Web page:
Amending the Reporting of Injuries, Diseases and Dangerous Occurrences (RIDDOR) Regulations is also on the agenda. Young wants to "extend to seven days [from three] the period before an injury or accident needs to be reported." Needless to say, such a move would be open to untold abuse. Especially given that so many accidents already go unreported, with 1.2 million people suffering work-related illnesses as a result.

The proposal that "police officers and firefighters should not be at risk of investigation or prosecution under health and safety legislation when engaged in the course of their duties if they have put themselves at risk as a result of committing a heroic act" is nothing more than a prescription to deal with an outright myth.

As is the idea that "officials who ban events on health and safety grounds should put their reasons in writing." Stories of such bans are spurious at best.

The entire raft of proposals to deal with a "compensation culture" are redundant given that "in nearly all cases there are less claims than there were 10 years ago," and "people can't claim compensation unless they have been injured because someone else is at fault."

All through the document, the stories Young admits are fallacious are trotted out as justifications for various recommendations. The fact that something "is seen as a cost and burden on business" becomes irrefutable proof that it must be scrapped, regardless of the fact that every single health and safety protection had to be fought, tooth-and-nail, for.

If businesses could profit from throwing its staff into a meat grinder, they would find ways to argue that prohibitions against doing so were an unnecessary "cost and burden."

This document, and the review behind it, is nothing more than a way of implementing an ideological attack on health and safety whilst conceding that every justification for said attack is fabricated and overblown nonsense. That "the aim is to free businesses from unnecessary bureaucratic burdens and the fear of having to pay out unjustified damages claims and legal fees." says it all.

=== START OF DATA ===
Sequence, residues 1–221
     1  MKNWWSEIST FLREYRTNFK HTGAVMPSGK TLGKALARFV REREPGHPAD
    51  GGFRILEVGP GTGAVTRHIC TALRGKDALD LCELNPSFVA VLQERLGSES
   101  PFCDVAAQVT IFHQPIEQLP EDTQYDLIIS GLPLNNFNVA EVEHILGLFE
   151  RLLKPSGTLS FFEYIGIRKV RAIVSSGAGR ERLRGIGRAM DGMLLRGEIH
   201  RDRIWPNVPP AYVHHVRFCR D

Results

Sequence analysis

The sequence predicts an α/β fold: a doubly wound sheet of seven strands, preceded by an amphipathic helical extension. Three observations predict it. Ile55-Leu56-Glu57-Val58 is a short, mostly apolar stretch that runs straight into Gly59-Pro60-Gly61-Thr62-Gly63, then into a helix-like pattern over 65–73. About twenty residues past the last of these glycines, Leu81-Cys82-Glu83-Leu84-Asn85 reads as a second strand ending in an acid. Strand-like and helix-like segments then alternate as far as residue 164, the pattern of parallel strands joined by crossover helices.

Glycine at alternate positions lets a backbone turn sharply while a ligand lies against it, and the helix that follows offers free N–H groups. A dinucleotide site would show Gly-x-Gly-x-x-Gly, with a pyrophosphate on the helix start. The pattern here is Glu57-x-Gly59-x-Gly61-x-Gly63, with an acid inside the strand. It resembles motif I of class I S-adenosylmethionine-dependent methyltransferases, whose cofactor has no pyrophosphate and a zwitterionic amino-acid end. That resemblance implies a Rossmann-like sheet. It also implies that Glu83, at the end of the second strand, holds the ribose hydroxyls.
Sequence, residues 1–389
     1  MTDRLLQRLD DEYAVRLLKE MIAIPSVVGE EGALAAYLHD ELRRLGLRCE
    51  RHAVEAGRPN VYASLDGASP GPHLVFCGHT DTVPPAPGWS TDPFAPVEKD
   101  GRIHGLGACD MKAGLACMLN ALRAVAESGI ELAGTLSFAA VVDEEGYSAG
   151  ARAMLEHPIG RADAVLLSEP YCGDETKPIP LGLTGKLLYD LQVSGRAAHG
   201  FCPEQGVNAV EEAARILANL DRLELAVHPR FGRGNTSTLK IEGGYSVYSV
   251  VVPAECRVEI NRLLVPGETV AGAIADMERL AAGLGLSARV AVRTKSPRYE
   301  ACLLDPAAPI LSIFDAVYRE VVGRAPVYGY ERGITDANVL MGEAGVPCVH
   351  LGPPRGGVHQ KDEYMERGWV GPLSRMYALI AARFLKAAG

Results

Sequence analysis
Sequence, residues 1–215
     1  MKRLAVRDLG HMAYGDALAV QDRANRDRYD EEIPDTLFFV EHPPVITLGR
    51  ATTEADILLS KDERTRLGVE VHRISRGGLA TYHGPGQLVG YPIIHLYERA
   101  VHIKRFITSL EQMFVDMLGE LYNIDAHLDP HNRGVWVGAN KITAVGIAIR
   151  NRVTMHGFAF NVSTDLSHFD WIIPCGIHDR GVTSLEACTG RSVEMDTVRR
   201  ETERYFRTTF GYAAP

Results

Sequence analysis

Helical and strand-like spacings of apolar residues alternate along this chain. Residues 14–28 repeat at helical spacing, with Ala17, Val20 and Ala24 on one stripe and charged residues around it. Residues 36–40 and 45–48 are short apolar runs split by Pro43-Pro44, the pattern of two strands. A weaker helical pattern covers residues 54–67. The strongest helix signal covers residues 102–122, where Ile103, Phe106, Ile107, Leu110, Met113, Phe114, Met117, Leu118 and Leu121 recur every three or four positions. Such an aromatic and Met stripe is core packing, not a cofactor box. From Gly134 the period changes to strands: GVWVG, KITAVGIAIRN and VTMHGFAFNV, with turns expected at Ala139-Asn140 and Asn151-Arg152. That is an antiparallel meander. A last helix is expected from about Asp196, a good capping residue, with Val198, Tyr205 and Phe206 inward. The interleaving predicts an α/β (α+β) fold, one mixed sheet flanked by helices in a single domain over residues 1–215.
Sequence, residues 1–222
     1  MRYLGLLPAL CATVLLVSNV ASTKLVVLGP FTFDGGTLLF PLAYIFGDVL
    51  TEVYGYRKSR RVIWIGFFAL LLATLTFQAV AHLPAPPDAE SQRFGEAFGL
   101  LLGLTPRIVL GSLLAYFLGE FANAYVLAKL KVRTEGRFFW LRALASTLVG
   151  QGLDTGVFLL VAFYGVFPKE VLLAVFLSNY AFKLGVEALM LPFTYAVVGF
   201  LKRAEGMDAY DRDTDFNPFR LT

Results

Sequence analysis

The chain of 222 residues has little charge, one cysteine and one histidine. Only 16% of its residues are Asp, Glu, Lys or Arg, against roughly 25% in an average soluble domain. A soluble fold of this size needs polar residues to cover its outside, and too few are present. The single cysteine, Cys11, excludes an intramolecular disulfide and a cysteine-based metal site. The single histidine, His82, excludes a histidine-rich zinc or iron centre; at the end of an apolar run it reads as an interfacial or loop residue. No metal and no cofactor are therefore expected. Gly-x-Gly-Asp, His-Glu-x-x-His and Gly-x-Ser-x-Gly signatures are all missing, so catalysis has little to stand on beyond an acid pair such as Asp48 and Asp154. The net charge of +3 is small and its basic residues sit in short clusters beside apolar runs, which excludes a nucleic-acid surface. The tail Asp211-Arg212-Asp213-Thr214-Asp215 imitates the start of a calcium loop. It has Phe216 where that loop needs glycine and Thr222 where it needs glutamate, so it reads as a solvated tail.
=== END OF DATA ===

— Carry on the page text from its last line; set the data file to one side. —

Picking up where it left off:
David Cameron may be "delighted" that Lord Young has "put some common sense back into health and safety." But the rest of us - especially workers who depend on proper health and safety in their jobs - ought to be very worried.

Monday, 18 October 2010

Project Prevention and blackmail from the moral high ground

It appears that an American "charity" has come to the UK in order to bribe drug addicts to get sterilised - that bribe being the grand sum of £200. The move has been condemned by drugs charities, and rightly so. This is perhaps the stupidest idea I have ever heard.

Barbara Harris, founder of Project Prevention, justified herself to the BBC thus;
Mrs Harris set up her charity in North Carolina after adopting the children of a crack addict.

Damage to children
Speaking to the BBC's Inside Out programme, she said: "The birth mother of my children obviously dabbled in all drugs and alcohol - she literally had a baby every year for eight years.

"I get very angry about the damage that drugs do to these children."

After paying 3,500 addicts across the United States not to have children, she is now visiting parts of the UK blighted by drugs to encourage users to undergo "long-term birth control" for cash.
There is a debate to be had about how to deal with the issue of drug addicts who have children. Drug charity Addaction estimates that there are 1.3 million children living with drug dependent parents. And it can be passed to unborn children, causing brain damage and over complications.

But if there are ways to address this, what Project Prevention offers is not it. They may stop a random sampling of addicts from having children, but they have not done anything to stop that group from being addicts. All they have really done is give said addicts the money for a few good fixes which will drive them further into the gutter whilst patting themselves on the back for a job well done.

Project Prevention claims that "unlike incarceration, Project Prevention extremely cost effective and does not punish the participants." But it doesn't help them either. Their true motive is "to reduce the burden of this social problem on taxpayers," and "trim down social worker caseloads."

Or, let them suffer but let us not have to do anything about it.

They claim also to "alleviate from our clients the burden of having children that will potentially be taken away," but unlike serious drug charities, alleviating the addiction isn't even on the agenda. Give them £200, take their nuts, and return to our suburban bubble whilst they rot on the street.